There were 1.4 million different WPA projects. Much of the WPA involved physical labor and construction, but was not limited to these areas. WPA projects included: highways and building construction, slum clearance, reforestation, and rural rehabilitation as well as programs to employ actors and artists. Construction projects included roads and bridges. There were also government buildings, libraries, and schools. There were many projects in the National Parks where the CCC was also active. One notable project was National Airport in Washington, DC. There were many service projects, including school lunches and kindergartens. Many children with unemployed fathers got their most important meal of the day at school. Most primary school children in the 1930s went home for lunch. The number of elementary (primary) schools offering school lunches as a result of WPA sharply increased. WPA was not only for laborers, but also artists, sculptors, writers, musicians, and authors. As a result, there were plays and concerts--even circuses. The WPA culture efforts were particularly novel for the Federal Government. The Federal Writers' Project produced a wide range of booklets and engaged in a range of academic activities. They prepared state and regional guide books. The Project also developed into a variety of archives, organizing them and indexing newspapers. There were also sociological studies and historical investigations. The Federal Arts Project employed artists to decorate public buildings, including post offices, schools, and other public buildings with murals, canvases, and sculptures. Musicians were employed to organized symphony orchestras, and community singing. The Federal Theater Project experimented with untried performance modes, and scores of stock companies toured the country with repertories of old and new plays. This brought stage performances to communities which had only been exposed to theatrical performances through books and radio. Some plays had a strong political focus which proved controversial.


WPA became perhaps the most controversial of all the New Deal Agency. Almost all New Deal agencies were controversial, but WPA came in for special criticism, in part because of the amount of money spent. Such a massive undertaking almost inevitably was accompanied by confusion, waste, and political favoritism. Just how much is difficult to assess. Critics charged it was inefficient. Some named it, "We Piddle About". Especially galling to conservatives was the Writers Project which produced some left-wing plays, essentially attacking the basic American free enterprise system. Here it is not a matter that writers do not have every right to criticize the capitalism or other elements of American society. The question is whether the Government has the right to take tax payer monies and finance such criticisms. Despite all the criticism, Hopkins stayed as Director and President Roosevelt continued to support him and WPA. The President maintained that even more costly would be to allow the country's human capital to go idle.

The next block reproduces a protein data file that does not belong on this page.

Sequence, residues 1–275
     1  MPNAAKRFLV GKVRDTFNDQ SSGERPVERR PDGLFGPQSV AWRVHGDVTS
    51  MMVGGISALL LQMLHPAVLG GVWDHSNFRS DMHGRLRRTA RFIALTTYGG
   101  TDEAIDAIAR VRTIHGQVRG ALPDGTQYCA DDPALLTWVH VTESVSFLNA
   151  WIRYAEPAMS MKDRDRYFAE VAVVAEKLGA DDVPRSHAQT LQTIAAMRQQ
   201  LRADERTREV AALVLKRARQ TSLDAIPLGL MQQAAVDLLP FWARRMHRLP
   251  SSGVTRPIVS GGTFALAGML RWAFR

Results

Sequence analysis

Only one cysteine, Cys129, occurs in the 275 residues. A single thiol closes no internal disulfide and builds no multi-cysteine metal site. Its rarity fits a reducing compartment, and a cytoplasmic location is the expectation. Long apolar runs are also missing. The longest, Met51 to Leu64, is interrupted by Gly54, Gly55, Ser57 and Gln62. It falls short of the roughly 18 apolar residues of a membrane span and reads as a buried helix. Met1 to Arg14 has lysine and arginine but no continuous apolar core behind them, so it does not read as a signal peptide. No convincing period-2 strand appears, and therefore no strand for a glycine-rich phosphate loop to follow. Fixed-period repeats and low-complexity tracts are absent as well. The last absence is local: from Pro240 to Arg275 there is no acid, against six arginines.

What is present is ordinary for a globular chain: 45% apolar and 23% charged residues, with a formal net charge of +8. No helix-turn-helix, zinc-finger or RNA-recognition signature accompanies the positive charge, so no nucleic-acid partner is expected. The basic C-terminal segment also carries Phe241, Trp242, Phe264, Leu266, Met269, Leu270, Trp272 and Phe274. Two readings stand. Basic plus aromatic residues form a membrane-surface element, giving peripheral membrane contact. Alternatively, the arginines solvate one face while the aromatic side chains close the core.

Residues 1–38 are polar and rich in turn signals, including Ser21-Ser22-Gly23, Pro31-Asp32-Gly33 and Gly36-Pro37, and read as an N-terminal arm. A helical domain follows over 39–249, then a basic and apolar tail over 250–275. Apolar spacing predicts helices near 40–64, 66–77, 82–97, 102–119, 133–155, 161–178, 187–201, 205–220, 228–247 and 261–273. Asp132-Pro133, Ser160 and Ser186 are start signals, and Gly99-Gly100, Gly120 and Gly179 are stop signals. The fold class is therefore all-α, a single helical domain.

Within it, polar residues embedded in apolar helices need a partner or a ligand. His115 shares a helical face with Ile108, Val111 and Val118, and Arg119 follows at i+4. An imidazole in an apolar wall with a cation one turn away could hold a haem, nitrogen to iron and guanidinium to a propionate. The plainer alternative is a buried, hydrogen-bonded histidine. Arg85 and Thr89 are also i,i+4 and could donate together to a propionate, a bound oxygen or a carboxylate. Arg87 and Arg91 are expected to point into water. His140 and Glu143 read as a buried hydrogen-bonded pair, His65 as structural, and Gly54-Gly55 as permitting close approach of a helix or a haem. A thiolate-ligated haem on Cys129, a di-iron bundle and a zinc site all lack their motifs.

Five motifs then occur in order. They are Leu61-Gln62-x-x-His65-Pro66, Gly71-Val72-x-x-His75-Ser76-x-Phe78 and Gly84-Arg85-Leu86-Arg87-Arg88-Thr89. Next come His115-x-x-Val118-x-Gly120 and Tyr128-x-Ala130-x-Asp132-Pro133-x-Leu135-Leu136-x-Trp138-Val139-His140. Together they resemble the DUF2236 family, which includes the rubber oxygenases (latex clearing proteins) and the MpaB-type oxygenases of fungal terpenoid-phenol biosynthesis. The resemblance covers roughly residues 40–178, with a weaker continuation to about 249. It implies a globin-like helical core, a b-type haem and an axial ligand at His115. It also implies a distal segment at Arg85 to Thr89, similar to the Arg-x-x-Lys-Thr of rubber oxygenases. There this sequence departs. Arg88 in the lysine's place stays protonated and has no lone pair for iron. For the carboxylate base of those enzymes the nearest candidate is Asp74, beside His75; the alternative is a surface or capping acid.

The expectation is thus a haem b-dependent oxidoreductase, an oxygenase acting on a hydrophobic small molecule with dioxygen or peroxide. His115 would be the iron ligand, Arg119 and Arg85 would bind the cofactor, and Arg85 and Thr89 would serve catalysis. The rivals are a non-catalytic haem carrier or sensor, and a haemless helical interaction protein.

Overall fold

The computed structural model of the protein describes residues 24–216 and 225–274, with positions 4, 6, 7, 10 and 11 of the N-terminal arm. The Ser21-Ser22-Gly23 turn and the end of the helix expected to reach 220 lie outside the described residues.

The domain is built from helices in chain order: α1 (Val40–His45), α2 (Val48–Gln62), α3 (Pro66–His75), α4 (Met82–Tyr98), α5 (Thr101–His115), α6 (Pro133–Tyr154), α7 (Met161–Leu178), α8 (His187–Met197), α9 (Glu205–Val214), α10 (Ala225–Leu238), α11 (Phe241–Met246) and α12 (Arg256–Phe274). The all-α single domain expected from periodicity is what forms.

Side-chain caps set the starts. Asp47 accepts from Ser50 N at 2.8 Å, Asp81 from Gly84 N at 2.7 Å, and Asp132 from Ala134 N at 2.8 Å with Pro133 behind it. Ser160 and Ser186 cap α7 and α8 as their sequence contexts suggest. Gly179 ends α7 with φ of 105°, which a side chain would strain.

Any assessment of WPA has to pursue to elements. First, were the WPA projects beneficial and an an effective use of money. Certainly highway and other construction projects when properly run were beneficial. WPA built 651,087 miles of highways, roads, and streets; and constructed, repaired, or improved 124,031 bridges, 125,110 public buildings, 8,192 parks, and 853 airport landing fields. Other WPA projects are more difficult to assess, such as the history and sociological studies or the murals in post offices. We do not say this in the sense that such efforts were wasteful, only that the benefit is more difficult to prove. The second issue is the impact of WPA with Government efforts to end the Depression. New Deal proponents maintain that WPA and other 'pump-priming' programs stimulated the economy by putting money into the hands of workers who spent it thus creating demand and generating jobs. The mythology of the New Seal is so entrenched among many authors that we see on articles about WPA statements like "... the 'pump-priming' effect stimulated private business during the depression years." Unanswered if this was the case is why the Depression persisted 10 years in America despite enormous pump priming. The Depression did not end until war orders from Europe revived the economy. It is true that people were hired by WPA, but they were not permanent jobs. They did, however, get money into the economy and did temporarily assist many low income Americans. Assessing WPA as a relief effort to aid the unemployed is very different from assessing it as a program that helped end the Depression. At the same time, however, to pay for WPA and other New Deal projects, President Roosevelt began massive tax increases, primarily targeting upper-income Americans. This began with the Revenue Act of 1935. The effect of these tax increases was to remove money from the economy, negating the impact of pump priming programs like WPA. This meant that the private sector did not generate jobs that it might otherwise hve done. Some economists believe that this delayed America's recovery from the economy. Unfortunately this debate is largely unanswered. Opinions are largely determined by the authors ideological mindset.

Federal Works Agency

WPA was redesigned when it was transferred to the Federal Works Agency (1939).


Taylor, Nick. American Made: The Enduring Legacy of the WPA--When FDR Put the Nation to Work (Bantm, 2008), 630p.